Severe Morning Sickness Linked to Preterm Births

morning sickness pregnant mom
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In some women, morning sickness might be an indicator of more serious later-pregnancy complications, including preterm delivery, a new study says.

In the study, women who reported nausea and vomiting in pregnancy that interfered with their ability to live normally were 23 percent more likely to deliver their baby before 34 weeks, and 31 percent more likely to have high blood pressure or preeclampsia, compared with women who said their morning sickness did not substantially affected their lives.

Women with life-affecting morning sickness were also about twice as likely to have low weight gain during pregnancy.

The findings underscore the importance of recognizing morning sickness and managing it, said study researcher Dr. Gary Stanziano, of Alere Health, a company that produces health care products and offers a program to treat morning sickness.

"This should not be a condition that’s taken lightly," Stanziano said.

Severe morning sickness

About 50 to 60 percent of pregnant women experience some type of morning sickness during pregnancy, Stanziano said. About 1 percent have a severe, persistent form known as hyperemesis gravidarum, which can lead to malnutrition.

While the immediate effects on mothers are easy to observe, few studies have investigated the impact of nausea and vomiting on the later stages of pregnancy, and delivery.

Stanziano and colleagues analyzed information from 81,486 women enrolled in an Alere maternity education program who delivered between 2004 and 2011. After delivery, the women were asked whether they had experienced nausea and vomiting during their pregnancy that affected their ability to do their job or their daily activities. About 5,200 women, or 6.4 percent of those surveyed, reported nausea and vomiting that affected their quality of life. About 1,800 women of these said they did not require any interventions, while about 3,300 required hydration or pharmacological treatments.

Of those who said the nausea and vomiting affected their quality of life, 23 percent had low weight gain for their pregnancy, compared with13.7 percent of women who did not have such sickness.

In addition, about 10 percent of those who got sick had infants who were small for their gestational age when they were born, compared with 8.4 percent of those who didn't have nausea and vomiting.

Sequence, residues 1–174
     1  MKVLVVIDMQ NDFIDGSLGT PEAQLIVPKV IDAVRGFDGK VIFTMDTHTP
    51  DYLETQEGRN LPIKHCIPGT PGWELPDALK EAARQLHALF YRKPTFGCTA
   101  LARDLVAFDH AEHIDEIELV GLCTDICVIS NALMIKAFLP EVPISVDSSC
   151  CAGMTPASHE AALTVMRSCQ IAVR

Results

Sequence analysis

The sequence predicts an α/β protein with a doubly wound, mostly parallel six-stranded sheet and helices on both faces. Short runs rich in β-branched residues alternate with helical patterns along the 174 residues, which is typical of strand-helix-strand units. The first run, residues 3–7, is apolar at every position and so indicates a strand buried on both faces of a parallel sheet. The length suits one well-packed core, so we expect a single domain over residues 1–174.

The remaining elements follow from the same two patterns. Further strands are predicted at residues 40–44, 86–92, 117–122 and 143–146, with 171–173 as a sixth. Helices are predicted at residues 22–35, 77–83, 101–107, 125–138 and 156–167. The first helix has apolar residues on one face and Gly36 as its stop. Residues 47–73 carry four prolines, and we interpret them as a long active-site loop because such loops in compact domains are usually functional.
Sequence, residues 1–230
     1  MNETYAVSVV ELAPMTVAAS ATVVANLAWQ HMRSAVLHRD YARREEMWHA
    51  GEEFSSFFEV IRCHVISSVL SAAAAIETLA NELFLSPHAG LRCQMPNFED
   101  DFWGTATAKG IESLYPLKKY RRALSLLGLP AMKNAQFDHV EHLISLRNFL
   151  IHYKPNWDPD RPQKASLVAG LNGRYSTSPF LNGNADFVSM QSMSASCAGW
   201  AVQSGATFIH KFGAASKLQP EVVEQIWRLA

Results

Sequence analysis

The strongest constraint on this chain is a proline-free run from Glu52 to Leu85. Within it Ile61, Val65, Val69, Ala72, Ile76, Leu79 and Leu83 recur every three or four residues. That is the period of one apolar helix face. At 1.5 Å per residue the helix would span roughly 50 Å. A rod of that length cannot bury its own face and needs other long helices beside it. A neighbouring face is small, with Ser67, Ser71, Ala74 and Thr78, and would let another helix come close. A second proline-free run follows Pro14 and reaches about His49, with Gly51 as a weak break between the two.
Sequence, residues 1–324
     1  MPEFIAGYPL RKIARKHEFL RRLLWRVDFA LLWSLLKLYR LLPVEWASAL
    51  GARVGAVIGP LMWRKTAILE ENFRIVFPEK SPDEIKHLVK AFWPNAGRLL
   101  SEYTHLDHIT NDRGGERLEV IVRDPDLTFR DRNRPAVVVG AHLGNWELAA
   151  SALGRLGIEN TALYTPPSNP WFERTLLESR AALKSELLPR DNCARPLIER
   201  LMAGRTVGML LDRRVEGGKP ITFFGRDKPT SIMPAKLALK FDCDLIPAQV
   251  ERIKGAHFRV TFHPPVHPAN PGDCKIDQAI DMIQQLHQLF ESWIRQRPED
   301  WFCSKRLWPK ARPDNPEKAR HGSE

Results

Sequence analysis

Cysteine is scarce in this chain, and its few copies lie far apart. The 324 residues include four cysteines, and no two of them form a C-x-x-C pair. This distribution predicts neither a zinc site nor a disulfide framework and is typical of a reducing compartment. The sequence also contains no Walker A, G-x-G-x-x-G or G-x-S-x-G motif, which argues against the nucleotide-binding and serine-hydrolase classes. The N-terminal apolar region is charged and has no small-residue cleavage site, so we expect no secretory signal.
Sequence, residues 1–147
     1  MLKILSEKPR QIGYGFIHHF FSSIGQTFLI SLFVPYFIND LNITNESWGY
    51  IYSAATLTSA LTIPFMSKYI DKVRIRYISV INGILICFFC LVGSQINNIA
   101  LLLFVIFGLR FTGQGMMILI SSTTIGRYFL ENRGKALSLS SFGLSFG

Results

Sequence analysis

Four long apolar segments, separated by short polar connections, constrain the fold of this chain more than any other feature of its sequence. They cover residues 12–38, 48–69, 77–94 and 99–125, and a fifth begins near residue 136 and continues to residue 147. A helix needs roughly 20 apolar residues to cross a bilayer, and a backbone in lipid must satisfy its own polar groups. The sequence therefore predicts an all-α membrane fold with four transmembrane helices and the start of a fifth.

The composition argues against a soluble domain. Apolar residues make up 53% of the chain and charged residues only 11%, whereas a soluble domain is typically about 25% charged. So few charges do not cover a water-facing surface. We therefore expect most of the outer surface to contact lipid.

Researchers aren't sure why women with severe morning sickness saw these effects. But poor nutrition and too little weight gain in pregnancy may contribute to the risk, Stanziano said.

Indeed, it's hard to tell whether the effects seen in the study were due to nausea and vomiting, or to the low weight gain these women experienced, saidDr. Jennifer Wu, an obstetrician and gynecologist at Lenox Hill Hospital in New York City, who was not involved in the study. Poor weight gain has previously been shown to be associated with preterm delivery and babies born small for their gestational age, Wu said.

Fortunately, only a small number of pregnant women experience significant nausea and vomiting that lasts beyond 10 to 16 weeks of pregnancy, Wu said.

Women who do have such symptoms should discuss them with their doctors, who may be able to provide solutions, Wu said.

While no drugs for pregnancy nausea and vomiting have been approved by the Food and Drug Administration, many excellent therapies exist, Stanziano said. These include hydration and nutrition supplements, as well as some medications used off label, Stanziano said.

A change of diet, such as eating six to seven small meals a day rather than three large meals, may also help, Wu said.

The findings were presented last week at the Society for Maternal-Fetal Medicine's annual meeting in Dallas. Study data was provided by Alere and analyzed by researchers at Carolinas Medical Center, with no additional funding from either organization.

Pass it on: Some forms of nausea and vomiting in pregnancy can increase the risk of adverse pregnancy outcomes, and women should speak with their doctor about symptoms.

This story was provided by MyHealthNewsDaily, a sister site to LiveScience. Follow MyHealthNewsDaily staff writer Rachael Rettner on Twitter @RachaelRettner. Find us on Facebook.

Rachael Rettner

Rachael is a Live Science contributor, and was a former channel editor and senior writer for Live Science between 2010 and 2022. She has a master's degree in journalism from New York University's Science, Health and Environmental Reporting Program. She also holds a B.S. in molecular biology and an M.S. in biology from the University of California, San Diego. Her work has appeared in Scienceline, The Washington Post and Scientific American.